Pulp Consumption: Psych

HAPPY NEW YEAR!

Psych

One aspect of pulp both Matt and I haven’t really touched upon is humor. Pulp is often thought of as being a serious genre, and since so much of it is focused on grit, violence, and noir that makes a certain amount of sense. But even the noirest stories often included humor, and some stories published in magazines like Amazing Stories were definitely funny. It’s in this spirit I’d like to discuss the USA Network TV show Psych.

The show centers around main character Shawn Spencer (played by James Roday), who uses his keen sense of observation, eidetic memory recall, and pure intelligence to solve cases as a consulting detective, sort of like Sherlock Holmes. He was raised by his father, Santa Barbara police detective Henry (Corbin Bernsen), to exercise these elements of his mental capacity in the hopes he’d become a police officer as well, but Shawn didn’t want the restrictions that carrying handcuffs comes with, so he became a fake psychic instead.

The show is also of the buddy cop genre, with Shawn’s best friend since childhood, Gus (Dulé Hill), filling in the roll of best friend and coworker. Gus and Henry are the only two who know full well Shawn’s psychic readings are fake, but they frequently enable him because so much of what he does actually closes difficult cases.

The mid-2000s saw another show with a similar principle, The Mentalist, also on the air, but the latter is played straight and often lampooned by Psych. I think it’s mostly unfair criticism on the part of Psych’s creators, especially since I also enjoyed The Mentalist, but the humor in Psych is why I prefer it. The humor also makes it easier to binge watch, especially if there are children in the house. Shawn is a perpetual screw-up, and Gus and he are almost always in over their heads, frequently because of Shawn’s juvenile attitude and his relentless laziness, which often causes him to jump to incorrect conclusions based on just a few bits of evidence. That said if it weren’t for Shawn’s mistakes at first many of the cases he’s brought in on would likely go unsolved.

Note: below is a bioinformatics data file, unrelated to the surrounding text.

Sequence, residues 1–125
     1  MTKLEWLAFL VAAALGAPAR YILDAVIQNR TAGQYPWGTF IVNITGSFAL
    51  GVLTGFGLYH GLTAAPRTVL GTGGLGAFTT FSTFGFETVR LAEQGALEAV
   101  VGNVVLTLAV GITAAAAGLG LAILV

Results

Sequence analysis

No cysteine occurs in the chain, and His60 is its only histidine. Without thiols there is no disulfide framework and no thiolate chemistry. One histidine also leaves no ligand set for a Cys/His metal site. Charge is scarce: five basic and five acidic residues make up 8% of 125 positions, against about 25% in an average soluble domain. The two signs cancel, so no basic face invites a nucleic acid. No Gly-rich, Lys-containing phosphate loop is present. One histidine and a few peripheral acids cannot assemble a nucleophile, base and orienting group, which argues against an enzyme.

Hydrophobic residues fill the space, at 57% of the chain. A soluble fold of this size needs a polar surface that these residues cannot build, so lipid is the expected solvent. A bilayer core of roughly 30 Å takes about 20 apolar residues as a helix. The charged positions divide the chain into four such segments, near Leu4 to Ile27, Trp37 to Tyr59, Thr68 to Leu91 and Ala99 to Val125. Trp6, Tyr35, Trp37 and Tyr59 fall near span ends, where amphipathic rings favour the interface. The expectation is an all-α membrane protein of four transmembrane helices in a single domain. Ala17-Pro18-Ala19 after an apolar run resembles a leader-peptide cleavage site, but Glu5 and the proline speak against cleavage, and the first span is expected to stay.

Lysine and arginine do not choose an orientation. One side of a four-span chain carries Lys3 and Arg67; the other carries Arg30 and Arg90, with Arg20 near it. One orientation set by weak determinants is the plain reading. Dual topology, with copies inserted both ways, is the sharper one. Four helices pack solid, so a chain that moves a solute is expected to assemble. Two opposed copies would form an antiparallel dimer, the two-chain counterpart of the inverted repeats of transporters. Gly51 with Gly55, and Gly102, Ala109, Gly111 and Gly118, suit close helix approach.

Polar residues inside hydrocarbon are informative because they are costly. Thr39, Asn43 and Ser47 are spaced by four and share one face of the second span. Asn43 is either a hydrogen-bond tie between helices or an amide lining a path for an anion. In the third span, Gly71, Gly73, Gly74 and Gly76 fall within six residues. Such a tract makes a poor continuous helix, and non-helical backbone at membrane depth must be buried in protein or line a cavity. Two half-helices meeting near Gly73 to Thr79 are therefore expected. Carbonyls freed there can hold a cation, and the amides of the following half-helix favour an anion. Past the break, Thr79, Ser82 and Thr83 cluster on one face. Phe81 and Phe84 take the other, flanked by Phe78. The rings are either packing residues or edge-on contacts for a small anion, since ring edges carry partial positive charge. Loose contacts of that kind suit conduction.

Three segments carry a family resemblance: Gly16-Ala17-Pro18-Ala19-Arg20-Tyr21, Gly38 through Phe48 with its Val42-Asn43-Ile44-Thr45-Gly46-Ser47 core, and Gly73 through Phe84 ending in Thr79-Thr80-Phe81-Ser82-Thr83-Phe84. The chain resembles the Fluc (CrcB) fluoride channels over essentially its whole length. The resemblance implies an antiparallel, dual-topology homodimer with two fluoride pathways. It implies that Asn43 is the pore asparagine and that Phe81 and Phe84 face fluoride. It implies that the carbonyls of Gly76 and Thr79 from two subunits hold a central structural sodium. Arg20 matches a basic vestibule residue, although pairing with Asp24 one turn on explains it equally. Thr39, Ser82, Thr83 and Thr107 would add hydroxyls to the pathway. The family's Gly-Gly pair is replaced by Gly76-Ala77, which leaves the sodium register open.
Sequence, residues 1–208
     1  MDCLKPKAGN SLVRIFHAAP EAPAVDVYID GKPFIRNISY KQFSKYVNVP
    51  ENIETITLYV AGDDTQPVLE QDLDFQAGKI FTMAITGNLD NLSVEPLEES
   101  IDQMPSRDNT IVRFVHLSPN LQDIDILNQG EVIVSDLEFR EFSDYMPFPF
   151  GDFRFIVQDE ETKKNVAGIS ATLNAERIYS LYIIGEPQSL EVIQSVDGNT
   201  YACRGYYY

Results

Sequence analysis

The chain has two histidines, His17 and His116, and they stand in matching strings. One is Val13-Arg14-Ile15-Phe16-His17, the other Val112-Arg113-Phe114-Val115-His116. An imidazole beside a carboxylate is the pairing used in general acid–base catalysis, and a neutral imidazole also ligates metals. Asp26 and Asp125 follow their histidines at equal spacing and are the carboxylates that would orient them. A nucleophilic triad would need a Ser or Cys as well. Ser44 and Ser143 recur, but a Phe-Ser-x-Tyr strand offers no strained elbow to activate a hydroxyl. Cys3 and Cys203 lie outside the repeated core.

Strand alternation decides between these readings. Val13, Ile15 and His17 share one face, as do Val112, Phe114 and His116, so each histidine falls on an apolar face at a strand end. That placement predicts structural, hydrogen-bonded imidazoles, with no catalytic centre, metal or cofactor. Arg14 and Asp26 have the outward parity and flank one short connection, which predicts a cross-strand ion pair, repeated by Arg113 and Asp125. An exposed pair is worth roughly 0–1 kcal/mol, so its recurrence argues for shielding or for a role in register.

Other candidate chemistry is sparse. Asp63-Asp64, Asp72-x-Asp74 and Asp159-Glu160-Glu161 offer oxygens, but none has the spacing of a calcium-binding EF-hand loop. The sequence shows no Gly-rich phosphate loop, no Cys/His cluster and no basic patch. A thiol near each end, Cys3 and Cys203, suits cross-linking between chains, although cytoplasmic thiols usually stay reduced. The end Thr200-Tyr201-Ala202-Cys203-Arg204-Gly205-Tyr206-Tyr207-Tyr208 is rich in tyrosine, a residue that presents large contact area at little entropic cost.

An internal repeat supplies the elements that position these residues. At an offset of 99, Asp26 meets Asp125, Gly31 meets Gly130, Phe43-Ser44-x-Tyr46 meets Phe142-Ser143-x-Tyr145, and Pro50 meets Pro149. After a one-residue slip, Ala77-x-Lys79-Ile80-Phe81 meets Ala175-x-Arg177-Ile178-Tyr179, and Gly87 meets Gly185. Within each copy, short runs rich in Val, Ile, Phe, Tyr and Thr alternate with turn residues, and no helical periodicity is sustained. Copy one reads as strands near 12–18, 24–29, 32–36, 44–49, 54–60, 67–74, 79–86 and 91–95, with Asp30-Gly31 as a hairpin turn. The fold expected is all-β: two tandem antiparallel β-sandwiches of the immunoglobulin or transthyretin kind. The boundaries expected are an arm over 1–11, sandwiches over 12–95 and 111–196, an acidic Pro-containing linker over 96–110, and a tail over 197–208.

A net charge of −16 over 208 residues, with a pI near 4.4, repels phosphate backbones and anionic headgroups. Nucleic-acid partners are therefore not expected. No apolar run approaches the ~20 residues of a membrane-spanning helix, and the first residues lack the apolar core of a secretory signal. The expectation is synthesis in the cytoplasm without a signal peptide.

From a pulp standpoint the only thing really separating Psych from straight detective fiction is the tone. The kinds of murders and missing persons cases Shawn gets called in to help with are the same sorts as those Holmes, The Continental Op, The Shadow, and Perry Mason are all brought in on. The methods Shawn uses, his perfect recall, keen observations, deductive reasoning, and simply stumbling into answers are also the same. He operates with but outside the law, frequently resorting to breaking and entering and other such petty crimes.

For a long-running episodic television property it’s to be expected that there are hits and misses, but the show was popular enough the network greenlit a new movie which aired just a couple weeks ago, three years after the show’s cancellation. Apparently there are plans for more self-contained films in the future.

If you like crime fiction pulp but don’t necessarily always want the boundless pessimism noir tends to offer, then give Psych a watch. It’s on Amazon Prime Video now, so many of you have no excuses.

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